Maraviroc (MVC) is a first-in-class selective chemokine coreceptor type-5 (CCR5) antagonist indicated for the treatment of CCR5-tropic (R5) HIV-1 infection in both treatment-naive and treatment-experienced patients in the United States,1 and in treatment-experienced patients in the European Union.2 MVC is primarily metabolized by hepatic cytochrome P450 (CYP) 3A enzymes, with negligible metabolic activity for other CYP enzymes and is also a substrate for the efflux transport P-glycoprotein (P-gp).3 MVC exposures have been shown to increase significantly when coadministered with potent CYP3A/P-gp inhibitors.3 As such, the recommended MVC dose in the presence of potent CYP3A/P-gp inhibitors is 150 mg twice daily (BID).1,2
Patients with HIV-1 infection are disproportionately affected by viral hepatitis, specifically hepatitis C virus (HCV), which can lead to life-threatening complications.4 Approximately 25% of HIV-infected patients in the United States and Europe are coinfected with HCV, accounting for >75% of liver-related deaths in HIV-infected patients.5 Boceprevir (BOC) and telaprevir (TVR) are newly approved HCV protease inhibitors indicated (in combination with pegylated interferon alpha and ribavirin) for the treatment of genotype 1 chronic HCV in adult patients with compensated liver disease.6–9 BOC is a potent inhibitor of CYP3A, and TVR is also a potent inhibitor of CYP3A and an inhibitor of P-gp6–9; however, some unexpected drug interactions with HIV protease inhibitors have led to recommendations against the coadministration of BOC with darunavir/ritonavir, atazanavir/ritonavir, lopinavir/ritonavir, and fosamprenavir/ritonavir, and against the coadministration of TVR with darunavir/ritonavir, lopinavir/ritonavir, and fosamprenavir/ritonavir.6–9
Given the limited treatment options for HIV-1 and HCV coinfected patients, it is therefore important to investigate potential drug interactions of BOC and TVR with MVC. This study was conducted to estimate the effect of BOC 800 mg 3 times daily (TID) and TVR 750 mg TID on the pharmacokinetics (PK) of MVC, and to describe the PK of BOC and TVR when dosed in combination with MVC 150 mg BID. The safety and tolerability of MVC in combination with BOC and TVR was also assessed.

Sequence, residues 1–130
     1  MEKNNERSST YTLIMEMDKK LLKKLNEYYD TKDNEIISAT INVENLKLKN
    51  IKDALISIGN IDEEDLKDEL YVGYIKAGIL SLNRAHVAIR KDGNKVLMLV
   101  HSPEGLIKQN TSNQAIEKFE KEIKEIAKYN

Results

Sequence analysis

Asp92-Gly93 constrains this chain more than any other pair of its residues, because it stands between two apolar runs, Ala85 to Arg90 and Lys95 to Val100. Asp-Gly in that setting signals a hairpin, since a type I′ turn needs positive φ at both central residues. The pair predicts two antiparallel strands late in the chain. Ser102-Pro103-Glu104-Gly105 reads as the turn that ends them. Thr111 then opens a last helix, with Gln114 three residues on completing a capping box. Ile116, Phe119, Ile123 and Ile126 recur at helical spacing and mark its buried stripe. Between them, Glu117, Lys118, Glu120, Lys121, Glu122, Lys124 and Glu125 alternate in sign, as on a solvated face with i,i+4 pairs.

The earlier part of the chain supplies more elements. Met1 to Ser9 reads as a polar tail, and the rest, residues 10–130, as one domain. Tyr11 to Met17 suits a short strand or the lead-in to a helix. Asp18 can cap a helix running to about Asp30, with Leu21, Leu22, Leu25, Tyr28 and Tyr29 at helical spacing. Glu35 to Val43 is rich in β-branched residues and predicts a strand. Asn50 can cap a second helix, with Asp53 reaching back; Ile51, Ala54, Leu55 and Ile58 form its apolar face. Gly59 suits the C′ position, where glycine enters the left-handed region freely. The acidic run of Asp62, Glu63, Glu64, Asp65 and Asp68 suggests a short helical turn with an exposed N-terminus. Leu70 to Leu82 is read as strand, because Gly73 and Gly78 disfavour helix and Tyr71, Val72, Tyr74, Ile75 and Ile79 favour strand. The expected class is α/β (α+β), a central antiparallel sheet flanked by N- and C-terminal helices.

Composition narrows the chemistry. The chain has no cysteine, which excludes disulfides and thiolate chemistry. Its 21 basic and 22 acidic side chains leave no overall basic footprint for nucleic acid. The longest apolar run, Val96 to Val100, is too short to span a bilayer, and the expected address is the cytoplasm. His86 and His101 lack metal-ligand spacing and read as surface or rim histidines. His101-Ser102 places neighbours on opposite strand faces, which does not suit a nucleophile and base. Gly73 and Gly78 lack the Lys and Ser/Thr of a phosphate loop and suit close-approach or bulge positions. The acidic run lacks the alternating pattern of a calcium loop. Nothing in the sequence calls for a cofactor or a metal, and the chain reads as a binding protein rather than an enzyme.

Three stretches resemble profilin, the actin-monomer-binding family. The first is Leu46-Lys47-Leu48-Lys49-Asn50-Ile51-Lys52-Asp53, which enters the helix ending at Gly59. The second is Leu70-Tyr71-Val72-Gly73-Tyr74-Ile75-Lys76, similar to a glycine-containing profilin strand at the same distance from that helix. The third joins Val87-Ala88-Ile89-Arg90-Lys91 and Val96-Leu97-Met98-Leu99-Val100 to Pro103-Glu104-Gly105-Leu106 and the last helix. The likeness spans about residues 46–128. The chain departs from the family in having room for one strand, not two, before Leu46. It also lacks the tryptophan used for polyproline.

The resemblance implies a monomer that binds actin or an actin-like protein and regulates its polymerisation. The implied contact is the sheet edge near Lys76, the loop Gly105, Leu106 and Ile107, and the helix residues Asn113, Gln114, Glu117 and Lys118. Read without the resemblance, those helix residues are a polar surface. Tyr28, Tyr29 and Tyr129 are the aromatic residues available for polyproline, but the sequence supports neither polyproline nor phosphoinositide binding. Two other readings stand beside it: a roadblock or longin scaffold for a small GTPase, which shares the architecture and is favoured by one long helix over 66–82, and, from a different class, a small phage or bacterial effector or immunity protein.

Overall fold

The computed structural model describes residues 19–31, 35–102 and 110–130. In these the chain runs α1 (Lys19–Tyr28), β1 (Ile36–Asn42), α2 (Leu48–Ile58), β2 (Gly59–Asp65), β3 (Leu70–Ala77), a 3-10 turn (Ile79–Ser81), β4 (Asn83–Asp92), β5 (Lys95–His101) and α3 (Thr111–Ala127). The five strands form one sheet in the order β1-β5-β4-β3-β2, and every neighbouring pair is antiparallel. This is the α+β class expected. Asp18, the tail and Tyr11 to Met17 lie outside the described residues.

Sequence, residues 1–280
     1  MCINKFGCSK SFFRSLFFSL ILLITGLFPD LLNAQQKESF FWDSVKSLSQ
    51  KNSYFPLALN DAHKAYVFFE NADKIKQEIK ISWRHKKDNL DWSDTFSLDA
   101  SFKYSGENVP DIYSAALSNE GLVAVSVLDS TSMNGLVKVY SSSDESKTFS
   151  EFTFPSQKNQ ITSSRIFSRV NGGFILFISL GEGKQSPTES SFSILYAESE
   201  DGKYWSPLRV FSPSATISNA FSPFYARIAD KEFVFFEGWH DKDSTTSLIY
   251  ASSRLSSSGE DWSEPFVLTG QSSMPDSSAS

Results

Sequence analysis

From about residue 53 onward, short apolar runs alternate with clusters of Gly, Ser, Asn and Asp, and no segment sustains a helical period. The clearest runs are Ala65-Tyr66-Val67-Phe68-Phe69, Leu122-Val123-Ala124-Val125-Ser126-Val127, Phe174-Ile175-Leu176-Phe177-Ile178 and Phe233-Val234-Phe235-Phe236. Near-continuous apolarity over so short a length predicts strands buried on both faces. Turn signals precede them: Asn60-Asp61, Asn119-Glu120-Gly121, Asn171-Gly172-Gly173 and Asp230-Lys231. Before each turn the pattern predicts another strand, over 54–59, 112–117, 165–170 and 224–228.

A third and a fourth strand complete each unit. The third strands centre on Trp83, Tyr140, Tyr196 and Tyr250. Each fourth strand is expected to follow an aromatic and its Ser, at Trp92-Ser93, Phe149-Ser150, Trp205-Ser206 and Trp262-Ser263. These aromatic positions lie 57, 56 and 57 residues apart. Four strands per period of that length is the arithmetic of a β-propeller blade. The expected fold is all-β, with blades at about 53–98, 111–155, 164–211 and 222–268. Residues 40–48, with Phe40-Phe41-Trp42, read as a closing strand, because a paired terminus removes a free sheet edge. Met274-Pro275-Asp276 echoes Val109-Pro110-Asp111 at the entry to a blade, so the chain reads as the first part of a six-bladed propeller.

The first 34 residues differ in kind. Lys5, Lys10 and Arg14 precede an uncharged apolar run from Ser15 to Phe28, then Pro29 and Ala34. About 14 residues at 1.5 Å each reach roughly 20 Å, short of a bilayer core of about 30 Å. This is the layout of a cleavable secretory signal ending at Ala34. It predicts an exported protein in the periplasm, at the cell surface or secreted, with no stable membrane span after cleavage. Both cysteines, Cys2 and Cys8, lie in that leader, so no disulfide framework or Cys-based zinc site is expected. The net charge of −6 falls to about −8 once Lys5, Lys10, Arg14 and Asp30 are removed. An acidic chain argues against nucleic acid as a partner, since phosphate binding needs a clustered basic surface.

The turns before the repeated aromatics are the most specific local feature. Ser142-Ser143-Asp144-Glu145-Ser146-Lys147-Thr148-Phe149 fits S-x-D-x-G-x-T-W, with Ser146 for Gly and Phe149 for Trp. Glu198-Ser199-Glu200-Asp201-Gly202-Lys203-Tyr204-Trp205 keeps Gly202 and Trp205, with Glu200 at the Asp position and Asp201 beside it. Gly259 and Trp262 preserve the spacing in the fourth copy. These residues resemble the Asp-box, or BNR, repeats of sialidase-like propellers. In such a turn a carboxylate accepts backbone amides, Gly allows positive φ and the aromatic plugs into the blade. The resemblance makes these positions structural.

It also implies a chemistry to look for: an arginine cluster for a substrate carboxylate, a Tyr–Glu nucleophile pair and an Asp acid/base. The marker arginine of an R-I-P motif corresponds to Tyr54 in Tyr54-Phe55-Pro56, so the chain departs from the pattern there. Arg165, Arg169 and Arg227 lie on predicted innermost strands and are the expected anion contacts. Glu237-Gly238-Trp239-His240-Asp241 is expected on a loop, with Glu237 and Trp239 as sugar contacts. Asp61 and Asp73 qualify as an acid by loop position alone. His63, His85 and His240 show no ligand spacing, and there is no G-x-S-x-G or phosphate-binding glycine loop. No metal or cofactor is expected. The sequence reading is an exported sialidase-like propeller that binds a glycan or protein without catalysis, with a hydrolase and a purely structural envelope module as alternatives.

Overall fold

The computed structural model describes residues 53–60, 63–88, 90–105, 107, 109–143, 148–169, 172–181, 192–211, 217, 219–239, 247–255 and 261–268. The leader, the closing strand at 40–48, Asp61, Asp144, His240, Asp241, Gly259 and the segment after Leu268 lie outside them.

Eligible volunteers were healthy adults (aged 18–55 years) who had a body mass index of 17.5–30.5 kg/m2, and a body weight of more than 50 kg. Volunteers who had used prescription or nonprescription drugs or dietary supplements within 7 days or 5 half-lives (whichever was longer) before the start of study treatment were not permitted to take part in the study. Volunteers who had used herbal supplements or hormonal methods of contraception within 28 days (6 months for Depo-Provera) were also not permitted to take part in the study. Volunteers with positive results for HIV-1, HIV-2, hepatitis B serology (hepatitis B surface antigen, hepatitis B core antibody), or anti-HCV serology (as determined by multi-antigen enzyme immunoassay), or who had a history of hypersensitivity to the study drugs, were excluded.
Study Design and Treatment
This was an open-label, fixed-sequence, phase I study (NCT01597895) conducted at a single site (Pfizer Clinical Research Unit, Brussels, Belgium). After a screening visit within 28 days before the start of treatment, volunteers received MVC 150 mg BID (every 12 hours) for 5 days (treatment period 1), followed by MVC 150 mg BID plus BOC 800 mg TID (every 8 hours) for 10 days (treatment period 2), then MVC 150 mg BID plus TVR 750 mg TID (every 8 hours) for 10 days (treatment period 3), with a ≥10-day wash-out between periods 2 and 3 (Fig. 1).
Study treatment was administered with 240 mL water at ambient temperature 30 minutes after a standard fat meal/snack (approximately 20 g fat and ≥500 calories). On PK assessment days (day 5 of treatment period 1 and day 10 of treatment periods 2 and 3), volunteers ate a standardized breakfast containing approximately 20 g fat and 800–1000 calories and received only a single (morning) dose of MVC, as well as only the morning and afternoon doses of BOC and TVR. Study personnel conducted mouth checks to ensure treatment compliance. To standardize conditions on PK sampling days, all volunteers were required to refrain from lying down [except when required for vital signs and electrocardiogram (ECG) assessments] and eating and drinking beverages other than water during the first 4 hours after dosing.
Volunteers could be discontinued from the study at any time at their own request, or on the grounds of safety concerns, behavioral reasons, or inability to comply with the study activity or procedures, at the investigators' discretion.
This study was conducted in compliance with the Declaration of Helsinki and Good Clinical Practice Guidelines established by the International Conference on Harmonization. The final protocol, amendments, and informed consent documentation were reviewed and approved by the study center institutional review board. All volunteers provided written, informed consent before participating in any study procedures.